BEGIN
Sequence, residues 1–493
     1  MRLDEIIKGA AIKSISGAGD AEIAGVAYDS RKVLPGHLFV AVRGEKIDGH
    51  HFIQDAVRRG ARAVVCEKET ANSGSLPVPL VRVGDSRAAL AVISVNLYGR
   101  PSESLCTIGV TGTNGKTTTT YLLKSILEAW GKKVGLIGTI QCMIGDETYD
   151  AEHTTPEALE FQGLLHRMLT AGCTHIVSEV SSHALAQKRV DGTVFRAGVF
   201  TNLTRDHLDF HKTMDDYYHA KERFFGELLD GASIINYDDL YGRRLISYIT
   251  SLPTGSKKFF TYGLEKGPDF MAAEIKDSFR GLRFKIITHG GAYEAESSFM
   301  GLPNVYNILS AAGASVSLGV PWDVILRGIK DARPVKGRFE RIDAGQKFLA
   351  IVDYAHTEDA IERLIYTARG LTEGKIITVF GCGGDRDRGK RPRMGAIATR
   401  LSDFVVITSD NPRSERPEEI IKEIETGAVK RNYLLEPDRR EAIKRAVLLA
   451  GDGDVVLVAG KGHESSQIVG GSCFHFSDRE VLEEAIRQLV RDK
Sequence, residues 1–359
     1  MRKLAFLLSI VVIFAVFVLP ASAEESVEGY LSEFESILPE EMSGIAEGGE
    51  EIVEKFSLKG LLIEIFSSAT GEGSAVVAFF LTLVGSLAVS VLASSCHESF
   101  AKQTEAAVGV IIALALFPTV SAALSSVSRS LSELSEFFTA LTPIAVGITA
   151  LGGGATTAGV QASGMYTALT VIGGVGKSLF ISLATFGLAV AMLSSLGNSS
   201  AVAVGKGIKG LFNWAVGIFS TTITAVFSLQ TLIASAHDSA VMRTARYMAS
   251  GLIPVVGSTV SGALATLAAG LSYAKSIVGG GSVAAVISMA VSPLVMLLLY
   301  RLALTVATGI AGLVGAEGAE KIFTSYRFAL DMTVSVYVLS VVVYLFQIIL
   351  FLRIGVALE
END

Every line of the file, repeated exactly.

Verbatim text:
Sequence, residues 1–493
     1  MRLDEIIKGA AIKSISGAGD AEIAGVAYDS RKVLPGHLFV AVRGEKIDGH
    51  HFIQDAVRRG ARAVVCEKET ANSGSLPVPL VRVGDSRAAL AVISVNLYGR
   101  PSESLCTIGV TGTNGKTTTT YLLKSILEAW GKKVGLIGTI QCMIGDETYD
   151  AEHTTPEALE FQGLLHRMLT AGCTHIVSEV SSHALAQKRV DGTVFRAGVF
   201  TNLTRDHLDF HKTMDDYYHA KERFFGELLD GASIINYDDL YGRRLISYIT
   251  SLPTGSKKFF TYGLEKGPDF MAAEIKDSFR GLRFKIITHG GAYEAESSFM
   301  GLPNVYNILS AAGASVSLGV PWDVILRGIK DARPVKGRFE RIDAGQKFLA
   351  IVDYAHTEDA IERLIYTARG LTEGKIITVF GCGGDRDRGK RPRMGAIATR
   401  LSDFVVITSD NPRSERPEEI IKEIETGAVK RNYLLEPDRR EAIKRAVLLA
   451  GDGDVVLVAG KGHESSQIVG GSCFHFSDRE VLEEAIRQLV RDK
Sequence, residues 1–359
     1  MRKLAFLLSI VVIFAVFVLP ASAEESVEGY LSEFESILPE EMSGIAEGGE
    51  EIVEKFSLKG LLIEIFSSAT GEGSAVVAFF LTLVGSLAVS VLASSCHESF
   101  AKQTEAAVGV IIALALFPTV SAALSSVSRS LSELSEFFTA LTPIAVGITA
   151  LGGGATTAGV QASGMYTALT VIGGVGKSLF ISLATFGLAV AMLSSLGNSS
   201  AVAVGKGIKG LFNWAVGIFS TTITAVFSLQ TLIASAHDSA VMRTARYMAS
   251  GLIPVVGSTV SGALATLAAG LSYAKSIVGG GSVAAVISMA VSPLVMLLLY
   301  RLALTVATGI AGLVGAEGAE KIFTSYRFAL DMTVSVYVLS VVVYLFQIIL
   351  FLRIGVALE